Nothing is perfect. That includes plans with noble intentions. Throw in a worldwide COVID-19 pandemic, and it’s safe to say that the roll-out of Illinois’ social equity program for cannabis companies isn’t quite what was envisioned. While the state can boast some of the most progressive social equity provisions, others say that the rules don’t do enough to support or promote minority participation. In other words, advocates say that Illinois’ industry-best social equity program is flawed.
The state’s social equity program includes three key areas. However, program advocates are worried. State law only stipulates that the applicants own 51% or more of a cannabis business to qualify for these provisions. What’s to prevent a social equity applicant licensee from selling their license to someone who technically wouldn’t be eligible a few years down the road? The new license holder would only have to pay for waived fees and any outstanding state grants or loans.
Applicant originates from what’s termed an ‘under-resourced area’ or one disproportionately impacted by the war on drugs.
Critics say that one of the biggest hurdles to success in the cannabis industry is the lack of access to capital. Combine that with COVID-19 license delays, and businesses eager to get going in the first rounds of licenses are burning through precious cash while trying to beat the clock. With an application deadline of July 20, there is close to $31 million in restorative-justice grants available to businesses in ‘economically distressed areas.’ Additionally, low-interest loans are also available to help with startup and operational costs. Still, industry experts caution that’s not going to cut it in a competitive marketplace.
Applicant (or family member of the applicant) was directly impacted by police enforcing anti-marijuana laws.
Critics argue that this is a flaw in the application process that actually prevents people of color from qualifying. Per these qualifying parameters, Black individuals who haven’t been arrested or live in distressed neighborhoods (outlined below) don’t qualify for these social equity programs. Additionally, in an interview with Marijuana Business Daily, the initial intention might not even be attainable. “Because of the limitations of how we’re able to structure the program, we can’t be 100% certain that the social equity program will bring the racial diversity that we want,” said Akele Parnell, a Chicago-based attorney and board member of Chicago NORML. In the same article, Mark Peysakhovich, a Chicago-based cannabis consultant and senior policy adviser for the Illinois Cannabis Trade Association, acknowledged that the state’s new social equity law couldn’t say a certain number of licenses would go to people based on race.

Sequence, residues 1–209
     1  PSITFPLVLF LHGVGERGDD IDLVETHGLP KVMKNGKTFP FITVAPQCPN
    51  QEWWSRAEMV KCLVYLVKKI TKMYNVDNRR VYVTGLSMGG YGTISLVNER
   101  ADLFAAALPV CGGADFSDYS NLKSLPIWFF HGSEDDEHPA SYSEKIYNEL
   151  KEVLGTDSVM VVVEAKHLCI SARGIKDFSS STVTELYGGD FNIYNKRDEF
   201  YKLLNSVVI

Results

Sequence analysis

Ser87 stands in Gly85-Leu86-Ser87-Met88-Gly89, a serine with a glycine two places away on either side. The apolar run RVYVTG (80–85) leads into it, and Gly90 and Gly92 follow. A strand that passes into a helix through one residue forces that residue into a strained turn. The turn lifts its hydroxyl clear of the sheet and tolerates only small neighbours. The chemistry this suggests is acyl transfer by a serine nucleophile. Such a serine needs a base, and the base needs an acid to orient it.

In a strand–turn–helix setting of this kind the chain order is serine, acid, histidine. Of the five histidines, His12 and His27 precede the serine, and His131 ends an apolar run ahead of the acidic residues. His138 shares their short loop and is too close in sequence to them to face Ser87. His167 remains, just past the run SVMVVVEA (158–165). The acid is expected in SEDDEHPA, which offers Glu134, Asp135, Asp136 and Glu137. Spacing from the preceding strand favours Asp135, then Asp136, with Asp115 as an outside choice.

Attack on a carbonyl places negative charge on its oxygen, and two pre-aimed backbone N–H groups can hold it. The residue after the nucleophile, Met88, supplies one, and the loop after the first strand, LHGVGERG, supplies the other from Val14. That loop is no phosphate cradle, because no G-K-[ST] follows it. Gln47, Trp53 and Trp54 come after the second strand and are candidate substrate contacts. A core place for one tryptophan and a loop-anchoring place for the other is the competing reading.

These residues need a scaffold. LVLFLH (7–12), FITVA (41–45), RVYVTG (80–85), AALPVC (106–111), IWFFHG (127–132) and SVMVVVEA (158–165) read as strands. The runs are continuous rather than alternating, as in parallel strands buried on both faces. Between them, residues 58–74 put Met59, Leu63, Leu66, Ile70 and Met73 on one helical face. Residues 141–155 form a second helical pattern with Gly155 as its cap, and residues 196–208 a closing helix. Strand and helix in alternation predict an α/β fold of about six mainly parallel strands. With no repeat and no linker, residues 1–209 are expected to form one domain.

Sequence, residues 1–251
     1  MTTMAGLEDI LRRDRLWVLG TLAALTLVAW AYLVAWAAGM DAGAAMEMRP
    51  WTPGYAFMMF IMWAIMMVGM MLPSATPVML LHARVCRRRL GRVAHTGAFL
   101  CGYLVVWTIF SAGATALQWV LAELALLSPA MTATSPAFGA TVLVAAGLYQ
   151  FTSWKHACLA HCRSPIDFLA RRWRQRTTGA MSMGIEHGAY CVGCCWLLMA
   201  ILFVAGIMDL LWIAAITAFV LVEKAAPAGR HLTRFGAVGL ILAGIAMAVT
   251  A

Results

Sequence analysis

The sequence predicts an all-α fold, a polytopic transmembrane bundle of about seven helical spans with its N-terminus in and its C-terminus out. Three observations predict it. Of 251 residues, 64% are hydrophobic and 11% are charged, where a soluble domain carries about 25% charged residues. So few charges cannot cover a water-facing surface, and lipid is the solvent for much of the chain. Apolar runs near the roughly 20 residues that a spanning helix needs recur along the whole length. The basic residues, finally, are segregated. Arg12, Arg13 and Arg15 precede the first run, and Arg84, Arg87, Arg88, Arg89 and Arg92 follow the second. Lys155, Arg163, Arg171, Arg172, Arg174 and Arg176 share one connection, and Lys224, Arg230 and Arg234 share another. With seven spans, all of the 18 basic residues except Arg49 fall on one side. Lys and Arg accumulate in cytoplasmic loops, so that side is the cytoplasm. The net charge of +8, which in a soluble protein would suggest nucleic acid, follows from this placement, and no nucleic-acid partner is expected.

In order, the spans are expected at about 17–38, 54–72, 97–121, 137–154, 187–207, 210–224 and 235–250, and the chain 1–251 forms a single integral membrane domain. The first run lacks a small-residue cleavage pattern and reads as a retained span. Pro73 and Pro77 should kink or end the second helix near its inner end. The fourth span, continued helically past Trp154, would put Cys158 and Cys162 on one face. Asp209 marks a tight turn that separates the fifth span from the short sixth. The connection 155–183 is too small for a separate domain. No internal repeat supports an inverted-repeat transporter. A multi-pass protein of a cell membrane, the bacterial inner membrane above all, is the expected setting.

Applicant hires 51% of employees from a distressed neighborhood negatively affected by the war on drugs.
Critics point out that applicants can score points on their applications for this hiring demographic, but that it’s ripe for abuse. The provision might not work as intended if the 51% is stuck in low-pay or menial positions with a company. Others note that these programs are great if the social equity program participants want to work directly with the cannabis plant but highlight gaps for people of color who want to own ancillary cannabis companies.
The coronavirus pandemic has made it difficult to gauge whether these social equity provisions in the law are — or will be — successful. While COVID has delayed the state from issuing two sets of licenses, many expect that the retail store licenses will be issued by the end of July. The rest will follow. Meanwhile, industry insiders worry. Currently, Illinois’ recreational cannabis market is dominated by the medical marijuana companies that managed to get in on the initial adult-use sales that kicked off in January 2020. This might give those companies an advantage that the social equity businesses just won’t have.